Sénéchal F, L'Enfant M, Domon JM, Rosiau E, Crépeau MJ, Surcouf O, Esquivel-Rodriguez J, Marcelo P, Mareck A, Guérineau F, Kim HR, Mravec J, Bonnin E, Jamet E, Kihara D, Lerouge P, Ralet MC, Pelloux J, Rayon C. Tuning of Pectin Methylesterification: Pectin methylesterase inhibitor 7 modulates the processive activity of co-expressed pectin methylesterase 3 in a PH-dependent manner. J Biol Chem. 2015 290(38):23320-35. doi: 10.1074/jbc.M115.639534. Epub 2015 Jul16. PubMed PMID: 26183897; PubMed Central PMCID: PMC4645611.

Protein / small organic compound interaction:

Zhang W, Li X, Zhang G, Ding Y, Ran L, Luo L, Wu J, Hu D, Song B. Binding interactions between enantiomeric α-aminophosphonate derivatives and tobacco mosaic virus coat protein. Int J Biol Macromol. 2017 Jan;94(Pt A):603-610. doi: 10.1016/j.ijbiomac.2016.10.027. Epub 2016 Oct 13. PubMed PMID: 27746356.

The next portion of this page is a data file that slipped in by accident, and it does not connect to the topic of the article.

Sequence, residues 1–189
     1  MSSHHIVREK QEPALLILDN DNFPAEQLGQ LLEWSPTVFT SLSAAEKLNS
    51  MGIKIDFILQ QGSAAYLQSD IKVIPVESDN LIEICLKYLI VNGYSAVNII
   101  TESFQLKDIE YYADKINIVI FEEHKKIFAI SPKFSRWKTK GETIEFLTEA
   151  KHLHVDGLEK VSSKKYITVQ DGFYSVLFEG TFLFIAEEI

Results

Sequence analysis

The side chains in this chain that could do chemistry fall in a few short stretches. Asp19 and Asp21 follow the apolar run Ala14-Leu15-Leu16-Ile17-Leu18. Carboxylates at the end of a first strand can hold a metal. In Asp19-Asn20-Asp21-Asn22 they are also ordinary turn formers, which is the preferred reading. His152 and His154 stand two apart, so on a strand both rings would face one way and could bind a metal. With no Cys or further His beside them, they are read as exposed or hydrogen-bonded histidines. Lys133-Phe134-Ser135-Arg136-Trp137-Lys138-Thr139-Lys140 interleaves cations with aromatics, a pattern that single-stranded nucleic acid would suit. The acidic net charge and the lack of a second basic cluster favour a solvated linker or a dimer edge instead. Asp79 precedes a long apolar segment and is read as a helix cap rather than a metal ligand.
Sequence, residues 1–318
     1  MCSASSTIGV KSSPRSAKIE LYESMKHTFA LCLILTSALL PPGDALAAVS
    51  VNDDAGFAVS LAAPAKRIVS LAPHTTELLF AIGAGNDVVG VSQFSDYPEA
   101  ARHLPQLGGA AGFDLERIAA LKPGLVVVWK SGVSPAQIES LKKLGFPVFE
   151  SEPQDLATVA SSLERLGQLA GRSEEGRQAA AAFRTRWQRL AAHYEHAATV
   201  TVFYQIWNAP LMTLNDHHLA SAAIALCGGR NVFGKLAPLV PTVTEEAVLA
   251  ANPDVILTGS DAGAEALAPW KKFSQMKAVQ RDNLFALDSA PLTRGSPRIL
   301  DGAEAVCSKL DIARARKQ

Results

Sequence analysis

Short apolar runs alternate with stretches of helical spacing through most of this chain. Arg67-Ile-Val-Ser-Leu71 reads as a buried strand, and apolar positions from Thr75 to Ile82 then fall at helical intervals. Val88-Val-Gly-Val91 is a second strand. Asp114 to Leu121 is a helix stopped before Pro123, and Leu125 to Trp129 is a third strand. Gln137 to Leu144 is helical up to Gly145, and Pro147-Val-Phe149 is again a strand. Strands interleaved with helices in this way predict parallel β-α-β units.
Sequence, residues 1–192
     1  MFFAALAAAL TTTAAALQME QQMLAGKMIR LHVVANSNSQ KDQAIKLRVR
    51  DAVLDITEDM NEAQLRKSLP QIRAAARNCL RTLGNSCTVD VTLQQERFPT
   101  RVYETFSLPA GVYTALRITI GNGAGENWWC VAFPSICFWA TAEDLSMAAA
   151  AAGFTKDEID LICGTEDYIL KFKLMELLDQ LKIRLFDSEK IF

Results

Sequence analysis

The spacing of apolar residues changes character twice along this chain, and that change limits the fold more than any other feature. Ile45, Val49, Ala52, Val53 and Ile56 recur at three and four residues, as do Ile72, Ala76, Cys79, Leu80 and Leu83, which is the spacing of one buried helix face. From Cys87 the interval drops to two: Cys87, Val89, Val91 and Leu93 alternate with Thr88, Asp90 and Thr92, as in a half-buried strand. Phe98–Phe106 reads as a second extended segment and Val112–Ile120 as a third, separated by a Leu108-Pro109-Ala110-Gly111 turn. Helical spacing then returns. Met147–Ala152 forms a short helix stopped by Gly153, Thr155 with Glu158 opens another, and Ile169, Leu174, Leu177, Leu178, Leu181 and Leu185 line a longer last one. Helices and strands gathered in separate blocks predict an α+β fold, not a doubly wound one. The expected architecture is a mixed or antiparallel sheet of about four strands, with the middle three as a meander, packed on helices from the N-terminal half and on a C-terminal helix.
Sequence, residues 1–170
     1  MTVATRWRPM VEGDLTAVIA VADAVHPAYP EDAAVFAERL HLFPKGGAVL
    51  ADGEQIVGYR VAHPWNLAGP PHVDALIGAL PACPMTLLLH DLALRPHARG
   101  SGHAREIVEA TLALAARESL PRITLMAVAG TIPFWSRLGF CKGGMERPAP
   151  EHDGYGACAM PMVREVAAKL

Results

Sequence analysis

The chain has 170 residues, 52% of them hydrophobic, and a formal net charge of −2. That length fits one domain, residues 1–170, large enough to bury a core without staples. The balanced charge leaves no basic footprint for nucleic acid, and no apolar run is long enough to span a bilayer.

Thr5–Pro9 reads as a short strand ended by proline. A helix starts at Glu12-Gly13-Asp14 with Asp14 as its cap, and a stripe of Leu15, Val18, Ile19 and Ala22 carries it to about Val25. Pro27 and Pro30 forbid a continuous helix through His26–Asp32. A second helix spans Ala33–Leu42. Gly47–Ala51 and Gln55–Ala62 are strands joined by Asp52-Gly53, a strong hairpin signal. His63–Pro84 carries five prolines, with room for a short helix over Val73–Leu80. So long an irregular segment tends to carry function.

Protein / nucleic acid interaction:

Girke C, Arutyunova E, Syed M, Traub M, Möhlmann T, Lemieux MJ. High yield expression and purification of equilibrative nucleoside transporter 7 (ENT7) from Arabidopsis thaliana. Biochim Biophys Acta. 2015 1850(9):1921-9. doi: 10.1016/j.bbagen.2015.06.003. Epub 2015 Jun 12. PubMed PMID: 26080001.

Protein / ion interaction:

Parker JL, Newstead S. Molecular basis of nitrate uptake by the plant nitrate transporter NRT1.1. Nature. 2014 507(7490):68-72. doi: 10.1038/nature13116. Epub 2014 Feb 26. PMID: 24572366